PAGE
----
50th Signal Battalion, US Army
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Civic heraldry of the United States
50TH SIGNAL BATTALION, US ARMY
History: The Battalion traces its origins to Company H, Signal Corps formed on 16 December 1899.
(Coat of Arms)
(Distinctive Unit Insignia)
Shield: Tenné, on a bend double cottised potente counter-pontente Argent, a Key Sable.
Crest: On a wreath of the colors Argent and Tenné a broad arrow with point up divided fesswise Gules and Azure and charged in
base with a fleur-de-lis Or interlaced salirewise by a machete and a bolo knife blades up of the first grips and pommels Sable.
Motto: Key to Command
Distinctive Unit Insignia, Description: A silver color metal and enamel device 1 1/4 inches (3,18cm) in height overall consiting of a shield and motto blazoned:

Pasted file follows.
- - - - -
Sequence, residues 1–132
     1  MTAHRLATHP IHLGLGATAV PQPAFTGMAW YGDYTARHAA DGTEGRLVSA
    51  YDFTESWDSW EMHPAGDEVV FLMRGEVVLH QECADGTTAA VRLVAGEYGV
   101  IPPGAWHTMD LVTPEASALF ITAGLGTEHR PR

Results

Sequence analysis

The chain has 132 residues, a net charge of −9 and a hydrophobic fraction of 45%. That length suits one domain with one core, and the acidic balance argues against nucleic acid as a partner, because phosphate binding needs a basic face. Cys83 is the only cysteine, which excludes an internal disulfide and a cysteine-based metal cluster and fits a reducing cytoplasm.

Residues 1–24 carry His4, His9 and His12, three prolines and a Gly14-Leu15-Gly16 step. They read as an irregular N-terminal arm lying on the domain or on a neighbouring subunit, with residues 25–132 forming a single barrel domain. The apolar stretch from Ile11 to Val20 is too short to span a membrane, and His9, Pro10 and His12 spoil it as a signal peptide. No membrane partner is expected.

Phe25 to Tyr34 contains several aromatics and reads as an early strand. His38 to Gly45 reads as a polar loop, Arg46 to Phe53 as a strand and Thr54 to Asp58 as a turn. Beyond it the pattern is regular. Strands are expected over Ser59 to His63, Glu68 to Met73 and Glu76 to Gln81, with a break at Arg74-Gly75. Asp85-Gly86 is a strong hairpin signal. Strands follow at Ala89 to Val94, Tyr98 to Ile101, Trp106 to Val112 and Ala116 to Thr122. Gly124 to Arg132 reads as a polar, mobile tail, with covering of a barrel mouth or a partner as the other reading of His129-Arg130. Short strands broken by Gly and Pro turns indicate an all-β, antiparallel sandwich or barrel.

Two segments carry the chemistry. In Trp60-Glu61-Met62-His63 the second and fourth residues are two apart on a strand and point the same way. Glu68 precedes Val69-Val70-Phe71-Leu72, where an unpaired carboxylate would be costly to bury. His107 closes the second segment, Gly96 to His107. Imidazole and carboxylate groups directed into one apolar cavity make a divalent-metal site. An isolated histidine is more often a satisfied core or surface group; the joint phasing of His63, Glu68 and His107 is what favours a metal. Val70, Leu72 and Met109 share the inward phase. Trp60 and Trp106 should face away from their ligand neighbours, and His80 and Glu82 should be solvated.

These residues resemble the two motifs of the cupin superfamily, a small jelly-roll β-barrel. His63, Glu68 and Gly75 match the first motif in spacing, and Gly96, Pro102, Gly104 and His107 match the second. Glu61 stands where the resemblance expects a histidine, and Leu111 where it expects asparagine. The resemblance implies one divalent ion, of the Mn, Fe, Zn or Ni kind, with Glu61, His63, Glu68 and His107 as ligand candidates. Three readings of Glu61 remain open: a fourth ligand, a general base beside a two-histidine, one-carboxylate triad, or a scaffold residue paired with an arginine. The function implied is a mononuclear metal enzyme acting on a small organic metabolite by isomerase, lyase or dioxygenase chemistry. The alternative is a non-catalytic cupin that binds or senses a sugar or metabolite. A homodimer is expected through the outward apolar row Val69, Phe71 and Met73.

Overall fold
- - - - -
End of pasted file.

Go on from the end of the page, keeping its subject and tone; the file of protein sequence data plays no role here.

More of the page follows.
Tenné, on a bend double cottised potente counter-pontente Argent, a Key Sable. Attached below the shield, a bleck scrolls turned up the sides and inscribed "KEY TO COMMAND" in silver letters.
Orange and White are the colours traditionaly associated with Signal Units. The White design is taken from the Arms of Champange, where the Battalion saw action during World War I. The Key is from the Arms of the City of Lisieux, symbolises action in Normandy and Central Europe during World War II. The Fleur-de-lis on a blue field symbolises service in France during World Wars I and II. The Arrrow symbolises the Assault Landing in Normandy. The Red colour alludes to the Meritorious Unit Commendation awarded for that action. The Machete symbolises service in the Dominican Republic and the Bolo service during the Philippine Insurrection.
The Coat of Arms and Distinctive Insignia was approved on 4 May 1954.
Literature: The Institute of Heraldry, US Army